The number of reported deaths tied to the novel coronavirus worldwide surpassed one million as of Tuesday morning, with the United States reporting more coronavirus-related deaths than any other country. Public health experts say the reported death tolls likely are undercounts.
US new coronavirus cases near 7.2M, deaths approach 205K
According to data from the New York Times, the rates of newly reported coronavirus cases are "staying high" in Puerto Rico and 20 states that have had a daily average of at least 15 newly reported cases per 100,000 people over the past week. Those states are Alabama, Arkansas, Idaho, Illinois, Iowa, Kansas, Kentucky, Minnesota, Mississippi, Missouri, Montana, Nebraska, North Dakota, Oklahoma, South Carolina, South Dakota, Tennessee, Utah, Wisconsin, and Wyoming.
The U.S. Virgin Islands and eight states that have had comparatively low case rates are now seeing those rates "going up," according to the Times. Those states are Alaska, Arizona, Colorado, Massachusetts, Nevada, New Jersey, New Mexico, and Oregon.
In the 24 remaining U.S. states and territories, rates of newly reported coronavirus cases are "staying low," according to the Times' analysis.
U.S. officials as of Tuesday morning also reported a total of 204,941 deaths linked to the coronavirus since the country's epidemic began—up from 204,597 deaths reported as of Monday morning.
US leads world in reported total of coronavirus deaths—but actual death tolls may be even higher
The United States has reported more deaths linked to the novel coronavirus than any other country in the world. As of Tuesday morning, officials worldwide had reported more than one million deaths tied to the coronavirus—with more than half of those deaths occurring in the United States, Brazil, India, and Mexico, which are the four countries that lead the world in reported deaths linked to the novel coronavirus, according to data from the Johns Hopkins University of Medicine's Coronavirus Resource Center.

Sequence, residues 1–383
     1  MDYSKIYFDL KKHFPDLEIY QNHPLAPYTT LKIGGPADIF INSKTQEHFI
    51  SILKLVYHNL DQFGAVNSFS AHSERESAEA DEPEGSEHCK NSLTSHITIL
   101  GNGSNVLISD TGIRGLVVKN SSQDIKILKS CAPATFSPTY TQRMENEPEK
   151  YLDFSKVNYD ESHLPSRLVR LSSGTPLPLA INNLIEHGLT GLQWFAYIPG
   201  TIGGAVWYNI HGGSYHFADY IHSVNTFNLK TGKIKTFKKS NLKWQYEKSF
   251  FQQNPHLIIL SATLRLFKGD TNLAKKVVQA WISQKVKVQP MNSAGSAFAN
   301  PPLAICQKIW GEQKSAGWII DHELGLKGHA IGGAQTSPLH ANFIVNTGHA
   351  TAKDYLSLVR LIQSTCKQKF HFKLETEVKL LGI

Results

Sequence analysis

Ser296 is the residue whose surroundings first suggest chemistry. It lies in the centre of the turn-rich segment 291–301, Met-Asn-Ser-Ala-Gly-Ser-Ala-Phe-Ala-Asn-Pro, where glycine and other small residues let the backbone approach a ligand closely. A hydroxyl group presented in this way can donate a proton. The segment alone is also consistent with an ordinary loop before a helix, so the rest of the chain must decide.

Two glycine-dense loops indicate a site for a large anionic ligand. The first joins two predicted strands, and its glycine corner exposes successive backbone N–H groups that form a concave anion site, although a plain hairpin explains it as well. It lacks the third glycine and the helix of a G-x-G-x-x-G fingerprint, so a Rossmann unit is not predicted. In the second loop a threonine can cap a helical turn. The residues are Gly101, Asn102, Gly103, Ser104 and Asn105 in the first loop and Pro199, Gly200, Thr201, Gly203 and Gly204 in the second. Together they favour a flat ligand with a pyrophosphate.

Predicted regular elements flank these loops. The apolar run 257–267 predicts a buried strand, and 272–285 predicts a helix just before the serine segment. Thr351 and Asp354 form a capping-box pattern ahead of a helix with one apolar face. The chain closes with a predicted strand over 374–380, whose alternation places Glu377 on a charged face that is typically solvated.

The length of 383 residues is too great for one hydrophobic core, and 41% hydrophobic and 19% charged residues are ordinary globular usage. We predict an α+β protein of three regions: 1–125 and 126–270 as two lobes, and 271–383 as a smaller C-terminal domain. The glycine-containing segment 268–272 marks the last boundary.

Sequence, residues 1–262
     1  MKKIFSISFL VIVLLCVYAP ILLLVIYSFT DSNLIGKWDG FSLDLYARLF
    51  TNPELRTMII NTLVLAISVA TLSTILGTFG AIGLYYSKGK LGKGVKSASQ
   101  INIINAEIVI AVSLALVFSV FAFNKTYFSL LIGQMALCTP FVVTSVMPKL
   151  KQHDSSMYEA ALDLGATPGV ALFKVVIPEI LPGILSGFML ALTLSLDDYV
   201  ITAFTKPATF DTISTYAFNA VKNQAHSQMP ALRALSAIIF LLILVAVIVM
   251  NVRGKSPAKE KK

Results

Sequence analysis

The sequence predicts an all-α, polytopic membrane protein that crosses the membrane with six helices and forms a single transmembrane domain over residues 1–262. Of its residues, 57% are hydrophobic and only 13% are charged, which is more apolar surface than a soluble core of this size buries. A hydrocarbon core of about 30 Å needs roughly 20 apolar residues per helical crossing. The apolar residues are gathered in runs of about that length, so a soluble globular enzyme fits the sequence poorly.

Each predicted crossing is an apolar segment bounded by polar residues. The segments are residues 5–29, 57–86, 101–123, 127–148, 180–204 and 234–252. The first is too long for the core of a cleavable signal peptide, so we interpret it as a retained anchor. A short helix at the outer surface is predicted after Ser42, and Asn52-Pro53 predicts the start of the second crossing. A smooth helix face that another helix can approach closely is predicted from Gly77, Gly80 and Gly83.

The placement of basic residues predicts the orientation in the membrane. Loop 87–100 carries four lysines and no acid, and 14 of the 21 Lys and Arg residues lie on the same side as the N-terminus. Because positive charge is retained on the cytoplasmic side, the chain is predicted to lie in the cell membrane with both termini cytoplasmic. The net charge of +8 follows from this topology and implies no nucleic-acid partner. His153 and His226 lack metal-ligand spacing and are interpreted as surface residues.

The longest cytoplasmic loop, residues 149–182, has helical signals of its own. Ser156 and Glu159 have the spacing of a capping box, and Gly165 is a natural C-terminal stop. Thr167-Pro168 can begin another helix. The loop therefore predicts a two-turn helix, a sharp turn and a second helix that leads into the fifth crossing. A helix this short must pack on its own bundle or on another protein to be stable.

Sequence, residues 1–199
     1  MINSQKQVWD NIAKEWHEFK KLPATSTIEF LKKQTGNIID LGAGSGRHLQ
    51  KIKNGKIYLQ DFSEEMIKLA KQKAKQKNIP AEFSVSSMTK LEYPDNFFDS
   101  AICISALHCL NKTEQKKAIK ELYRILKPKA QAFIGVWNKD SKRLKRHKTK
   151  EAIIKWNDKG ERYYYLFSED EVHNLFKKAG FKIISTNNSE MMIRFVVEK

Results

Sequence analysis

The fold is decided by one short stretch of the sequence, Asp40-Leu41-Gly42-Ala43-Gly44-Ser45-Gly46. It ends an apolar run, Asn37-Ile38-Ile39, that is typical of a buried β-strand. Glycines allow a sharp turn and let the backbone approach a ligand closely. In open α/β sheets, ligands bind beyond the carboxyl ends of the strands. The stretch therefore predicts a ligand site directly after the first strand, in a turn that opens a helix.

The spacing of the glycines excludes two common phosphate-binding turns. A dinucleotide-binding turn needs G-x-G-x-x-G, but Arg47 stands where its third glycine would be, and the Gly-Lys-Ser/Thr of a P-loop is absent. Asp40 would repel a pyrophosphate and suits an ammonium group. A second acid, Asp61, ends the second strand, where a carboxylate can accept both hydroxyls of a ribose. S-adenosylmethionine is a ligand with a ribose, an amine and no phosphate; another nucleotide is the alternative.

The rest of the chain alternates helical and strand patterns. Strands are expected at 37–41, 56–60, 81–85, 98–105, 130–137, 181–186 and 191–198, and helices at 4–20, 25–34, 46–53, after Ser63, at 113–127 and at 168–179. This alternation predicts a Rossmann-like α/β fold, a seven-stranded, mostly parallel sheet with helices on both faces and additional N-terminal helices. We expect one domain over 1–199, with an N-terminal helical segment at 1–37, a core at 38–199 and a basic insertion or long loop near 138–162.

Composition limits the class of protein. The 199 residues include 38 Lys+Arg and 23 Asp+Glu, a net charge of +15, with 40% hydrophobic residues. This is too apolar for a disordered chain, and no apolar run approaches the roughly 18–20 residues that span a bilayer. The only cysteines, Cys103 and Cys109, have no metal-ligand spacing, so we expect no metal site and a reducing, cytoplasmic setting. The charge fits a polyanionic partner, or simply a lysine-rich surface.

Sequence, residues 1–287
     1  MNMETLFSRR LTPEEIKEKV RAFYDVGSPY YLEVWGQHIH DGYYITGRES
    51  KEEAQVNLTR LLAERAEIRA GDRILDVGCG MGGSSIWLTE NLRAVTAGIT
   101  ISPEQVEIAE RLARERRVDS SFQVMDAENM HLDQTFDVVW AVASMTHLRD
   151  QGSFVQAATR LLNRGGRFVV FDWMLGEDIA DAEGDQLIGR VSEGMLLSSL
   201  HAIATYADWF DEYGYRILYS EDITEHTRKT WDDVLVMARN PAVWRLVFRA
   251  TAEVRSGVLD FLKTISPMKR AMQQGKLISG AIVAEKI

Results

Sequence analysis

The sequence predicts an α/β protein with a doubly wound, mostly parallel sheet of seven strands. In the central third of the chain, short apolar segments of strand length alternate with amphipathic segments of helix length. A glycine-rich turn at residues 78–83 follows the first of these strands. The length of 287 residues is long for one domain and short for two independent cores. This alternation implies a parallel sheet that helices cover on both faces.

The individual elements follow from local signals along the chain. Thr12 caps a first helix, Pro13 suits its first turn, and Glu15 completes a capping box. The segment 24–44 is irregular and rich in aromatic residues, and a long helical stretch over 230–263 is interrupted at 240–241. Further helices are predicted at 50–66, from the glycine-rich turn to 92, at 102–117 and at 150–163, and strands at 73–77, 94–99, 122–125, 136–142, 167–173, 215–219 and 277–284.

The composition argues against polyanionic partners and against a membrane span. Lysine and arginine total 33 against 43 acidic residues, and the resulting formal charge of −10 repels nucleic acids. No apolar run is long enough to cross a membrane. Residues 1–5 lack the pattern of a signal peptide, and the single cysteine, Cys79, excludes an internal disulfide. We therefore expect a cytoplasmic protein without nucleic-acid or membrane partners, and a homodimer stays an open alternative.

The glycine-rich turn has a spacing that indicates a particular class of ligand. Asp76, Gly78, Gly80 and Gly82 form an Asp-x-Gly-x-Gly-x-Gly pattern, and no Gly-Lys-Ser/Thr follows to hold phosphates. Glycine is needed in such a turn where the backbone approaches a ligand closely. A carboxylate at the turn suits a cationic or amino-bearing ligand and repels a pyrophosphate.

However, public health officials say the actual death toll from the coronavirus is likely higher.
Michael Ryan, head of the World Health Organization's emergencies program, on Monday said, "When you count anything, you never count it perfectly. But I can assure you that the current numbers are likely an underestimate of the true toll of Covid."
Public health experts say there are several reasons why deaths linked to the novel coronavirus may go uncounted. For example, public health experts note that some Americans who died from the virus may have died at home without ever seeking care or being tested for the pathogen. Those individuals' cause of death might not be reported on their death certificates, and the individuals therefore may not be included in official coronavirus death counts.
Because of those issues, experts say the exact death toll from the novel coronavirus likely will never be known. However, researchers are tracking so-called "excess deaths" to get a more precise estimate of who died from the virus. Researchers calculate excess deaths by subtracting the number of deaths that typically occur during a certain time period from the number of reported deaths that actually occurred during that time period. According to researchers, America's number of excess deaths suggests officials are undercounting the country's coronavirus death toll by about 30%—and many other countries are missing an even larger share of deaths linked to the virus, Axios' "Vitals" reports.